I am and lead a church that is a cooperating member of the Southern Baptist Convention. I grew up in an SBC church. I was there from the first time I pooped in my diapers until I left for college. When I say I was there, I mean every Sunday morning, Sunday night, Wednesday night, and many days and nights in between for eighteen years- with the exception of vacation or highly contagious illness. And, I am deeply grateful that for all those years I was blessed to have the same pastor (a miracle of longevity I was unaware of at the time).
It was a great church filled with lots of great people, many of whom God used to shape my life and prepare me for ministry. The only public disagreement I ever witnessed took place during my junior year in college in 1974. I just happened to be home from college on what turned out to be a historic spring Sunday in the life of our church, which was located in the heart of Memphis, TN. On that day, for the first time since the founding of the church in the late 1800’s, African Americans presented themselves for membership.
The typical routine when someone joined in those days was for our pastor to introduce the new member candidates to the congregation immediately after the invitation and to actually vote to receive them. After saying their names, he would ask, “all in favor say, “aye,” and then pause as the 1500+ in unison always said, “aye.” Following that, he would say, “all opposed with like sign.” That phrase was merely a tacked-on afterthought and, without pausing for a response, my pastor typically would continue on with the order of service. But that was not a typical morning.
He had never paused and there had never been a “no” vote… until that Sunday. He still didn’t pause, but in spite of that, for the first time in the 20+ years I had attended, there were a couple of “no” votes- loud ones. Then my pastor did pause. He spoke a brief, kind, but pointed word, and graciously called for an “all opposed” vote again, clearly hoping that this time minds would change and there would be none. Unfortunately, he was wrong. A handful of others became emboldened and there were more harsh “no’s.”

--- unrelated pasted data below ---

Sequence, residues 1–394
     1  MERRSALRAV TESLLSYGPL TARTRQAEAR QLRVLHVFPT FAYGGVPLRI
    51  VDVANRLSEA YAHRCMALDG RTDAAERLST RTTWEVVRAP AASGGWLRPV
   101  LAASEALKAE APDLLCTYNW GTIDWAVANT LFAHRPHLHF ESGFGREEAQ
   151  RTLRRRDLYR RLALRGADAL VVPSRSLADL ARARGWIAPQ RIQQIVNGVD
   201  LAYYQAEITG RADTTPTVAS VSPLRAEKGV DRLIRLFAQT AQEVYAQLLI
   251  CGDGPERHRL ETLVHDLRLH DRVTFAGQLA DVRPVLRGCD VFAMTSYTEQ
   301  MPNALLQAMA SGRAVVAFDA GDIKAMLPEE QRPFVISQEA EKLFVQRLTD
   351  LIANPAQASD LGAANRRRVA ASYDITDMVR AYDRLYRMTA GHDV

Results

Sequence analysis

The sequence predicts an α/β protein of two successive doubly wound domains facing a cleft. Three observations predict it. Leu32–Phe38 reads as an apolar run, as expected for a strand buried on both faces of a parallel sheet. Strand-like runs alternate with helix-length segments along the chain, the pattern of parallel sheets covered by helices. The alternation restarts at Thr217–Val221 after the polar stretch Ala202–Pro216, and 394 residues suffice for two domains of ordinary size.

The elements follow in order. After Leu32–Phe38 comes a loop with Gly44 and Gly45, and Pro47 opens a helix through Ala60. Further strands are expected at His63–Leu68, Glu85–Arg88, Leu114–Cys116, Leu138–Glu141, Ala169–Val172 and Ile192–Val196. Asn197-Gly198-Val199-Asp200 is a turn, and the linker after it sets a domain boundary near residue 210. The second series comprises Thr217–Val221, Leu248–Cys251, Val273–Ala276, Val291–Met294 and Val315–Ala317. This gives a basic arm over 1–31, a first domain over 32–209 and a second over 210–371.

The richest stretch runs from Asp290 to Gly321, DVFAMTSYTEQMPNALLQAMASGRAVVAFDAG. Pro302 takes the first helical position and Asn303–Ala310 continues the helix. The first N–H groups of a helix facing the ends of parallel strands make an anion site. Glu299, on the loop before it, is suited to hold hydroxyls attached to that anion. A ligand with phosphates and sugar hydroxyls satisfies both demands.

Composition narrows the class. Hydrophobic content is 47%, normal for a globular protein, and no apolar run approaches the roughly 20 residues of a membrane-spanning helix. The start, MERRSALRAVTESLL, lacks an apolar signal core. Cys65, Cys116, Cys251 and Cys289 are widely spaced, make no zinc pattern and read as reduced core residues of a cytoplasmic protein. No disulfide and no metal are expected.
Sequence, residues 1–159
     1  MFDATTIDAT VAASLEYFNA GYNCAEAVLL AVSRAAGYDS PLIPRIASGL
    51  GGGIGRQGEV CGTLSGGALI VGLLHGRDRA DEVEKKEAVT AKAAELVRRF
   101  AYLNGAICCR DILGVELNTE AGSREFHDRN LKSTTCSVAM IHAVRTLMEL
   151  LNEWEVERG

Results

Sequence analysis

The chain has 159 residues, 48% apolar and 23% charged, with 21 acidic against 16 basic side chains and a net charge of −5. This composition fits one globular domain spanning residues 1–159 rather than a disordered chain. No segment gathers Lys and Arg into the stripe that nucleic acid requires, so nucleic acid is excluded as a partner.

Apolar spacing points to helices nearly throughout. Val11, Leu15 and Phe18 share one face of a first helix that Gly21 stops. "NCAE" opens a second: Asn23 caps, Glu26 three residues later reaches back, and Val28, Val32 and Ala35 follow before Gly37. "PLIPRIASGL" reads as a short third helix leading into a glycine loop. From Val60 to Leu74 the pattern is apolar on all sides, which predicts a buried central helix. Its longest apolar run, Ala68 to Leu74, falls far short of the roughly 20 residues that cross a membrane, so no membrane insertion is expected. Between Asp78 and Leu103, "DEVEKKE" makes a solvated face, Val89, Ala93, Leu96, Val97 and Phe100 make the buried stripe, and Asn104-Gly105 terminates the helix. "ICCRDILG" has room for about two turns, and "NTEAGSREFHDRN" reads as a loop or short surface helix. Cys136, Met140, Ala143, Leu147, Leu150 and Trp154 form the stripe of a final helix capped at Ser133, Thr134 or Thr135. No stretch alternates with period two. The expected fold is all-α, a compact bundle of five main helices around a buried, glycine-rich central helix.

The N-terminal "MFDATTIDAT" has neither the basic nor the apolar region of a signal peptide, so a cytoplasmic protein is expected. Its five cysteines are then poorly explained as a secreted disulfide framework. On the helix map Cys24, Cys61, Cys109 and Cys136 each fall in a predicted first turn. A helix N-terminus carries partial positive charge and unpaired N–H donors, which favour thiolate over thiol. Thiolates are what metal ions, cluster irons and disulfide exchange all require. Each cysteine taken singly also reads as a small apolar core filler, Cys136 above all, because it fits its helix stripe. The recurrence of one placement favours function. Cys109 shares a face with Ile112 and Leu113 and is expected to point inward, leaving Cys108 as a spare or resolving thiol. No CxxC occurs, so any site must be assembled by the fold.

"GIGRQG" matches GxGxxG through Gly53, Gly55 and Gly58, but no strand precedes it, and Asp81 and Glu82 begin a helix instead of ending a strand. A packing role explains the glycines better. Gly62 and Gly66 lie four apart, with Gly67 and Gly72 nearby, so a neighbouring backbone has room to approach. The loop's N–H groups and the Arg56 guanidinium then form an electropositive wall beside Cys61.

I had never experienced such an air of tension before. Several of the teenagers raced out of the sanctuary into the lobby in shock and in tears. My pastor then seated the family (who had bravely and awkwardly stood there during the proceedings). Many men in that circumstance would have settled for letting the “ayes” have it and moved on, allowing things to fester, but not my pastor, Dr. R. Paul Caudill. He was not willing to settle for ANY opposition. So, before dismissing the congregation, he called for an emergency mandatory meeting of the deacons for that afternoon.
I wish I could have been in that meeting. My understanding is that he simply told the deacons that the church should unreservedly welcome this family into our membership or he could no longer serve as the pastor of a church that would not. In his mind and heart, there was no other choice. For over 35 years he had been beloved by the people and the city. So, there apparently was very little discussion. That said a whole lot not only about him, but also about the character of most of the deacons present as well.
I’m delighted to say that the very next Sunday the family was unanimously received into the church, while the church waved “goodbye” to the handful who had been so vocally negative. They were never missed. If memory correctly serves me, our church was the first “white” church in the city of Memphis to receive a “black” family into its membership. That spring Sunday in 1974 was historic for the First Baptist Church of Memphis. And, yesterday, a summer Wednesday in 2012, was historic for the Southern Baptist Convention. The SBC, for the very first time, elected an African American as President. It was a blessed day.
My prayer now is two-fold. I pray that this will open the door for much more diversity in our convention as a whole. And, I pray that Dr. Luter will lead us not only toward more extensive racial reconciliation, but toward reconciliation regarding the rift that was created through the 80’s and 90’s that divided our convention right down the middle. Many good leaders who were no less conservative but had a disdain for the politics of those years, were told, in effect, “you have no place here.” It was prejudice, just of another variety. Most have long since moved on, just grateful for the autonomy of the local church. Many others simply could care less anymore. However, I can’t help but think that an expression of reconciliation would go a long way toward healing long lasting wounds and strengthen our convention.
I’m grateful for Dr. Fred Luter. And, I’m grateful for Dr. R. Paul Caudill and others like him who courageously helped lay the foundation for such a day as this.